“The concern everybody has is allowing our government to have such a reach into your private life, my private life, and everybody else’s, that we are, we have the government controlling us instead of us controlling the government.”
“And that’s what both Republicans and Democrats are joined together on the Hill to try to change,” Leahy concluded.
Earlier in the program, Leahy suggested that viewers consider history when deciding whether the government should have so much access to the private communications of American citizens.
“I just think that there should be oversight,” Leahy said. “Think back in the history of this county, in J. Edgar Hoover’s day and all — if he had had the power when he was spying on protesters and those against the Vietnam War and Martin Luther King — if he had had the power that’s in here, think what might have happened. We Americans believe in our safety. We also believe in our ability to be private.”
“You still have to have some checks and balances before you have a government that can run amok,” Leahy said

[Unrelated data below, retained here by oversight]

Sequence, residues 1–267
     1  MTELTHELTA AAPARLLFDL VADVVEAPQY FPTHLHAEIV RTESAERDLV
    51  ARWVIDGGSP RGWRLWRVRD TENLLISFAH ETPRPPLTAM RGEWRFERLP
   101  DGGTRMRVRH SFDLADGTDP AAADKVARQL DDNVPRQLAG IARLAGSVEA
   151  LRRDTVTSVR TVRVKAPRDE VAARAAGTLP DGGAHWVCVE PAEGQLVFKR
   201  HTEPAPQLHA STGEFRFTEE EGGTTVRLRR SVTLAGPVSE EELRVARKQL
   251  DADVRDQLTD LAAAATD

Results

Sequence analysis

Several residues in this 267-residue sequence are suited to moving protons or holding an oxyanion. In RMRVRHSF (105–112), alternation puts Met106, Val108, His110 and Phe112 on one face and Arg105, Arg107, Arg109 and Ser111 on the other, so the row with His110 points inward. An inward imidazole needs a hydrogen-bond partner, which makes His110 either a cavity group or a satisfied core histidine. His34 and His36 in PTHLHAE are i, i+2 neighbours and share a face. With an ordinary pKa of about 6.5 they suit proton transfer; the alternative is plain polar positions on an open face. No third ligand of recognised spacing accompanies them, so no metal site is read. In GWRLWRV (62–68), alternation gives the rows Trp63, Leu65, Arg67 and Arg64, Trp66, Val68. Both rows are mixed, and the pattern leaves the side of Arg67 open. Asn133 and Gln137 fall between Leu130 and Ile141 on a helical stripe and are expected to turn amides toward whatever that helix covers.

The Fourth Amendment to the US Constitution:
The right of the people to be secure in their persons, houses, papers, and effects, against unreasonable searches and seizures, shall not be violated, and no Warrants shall issue, but upon probable cause, supported by Oath or affirmation, and particularly describing the place to be searched, and the persons or things to be seized.
A list of what the NSA can actually do:
[BN: Full list edited to only those used against Americans]
- It can track the numbers of both parties on a phone call, as well location, time and duration. (More)
- It can set up fake internet cafes. (More)
- It can tap underwater fiber-optic cables. (More)
- It can track bank transactions. (More)
- It can monitor text messages. (More)
- It can access your email, chat, and web browsing history. (More)
- It can map your social networks. (More)
- It can access your smartphone app data. (More)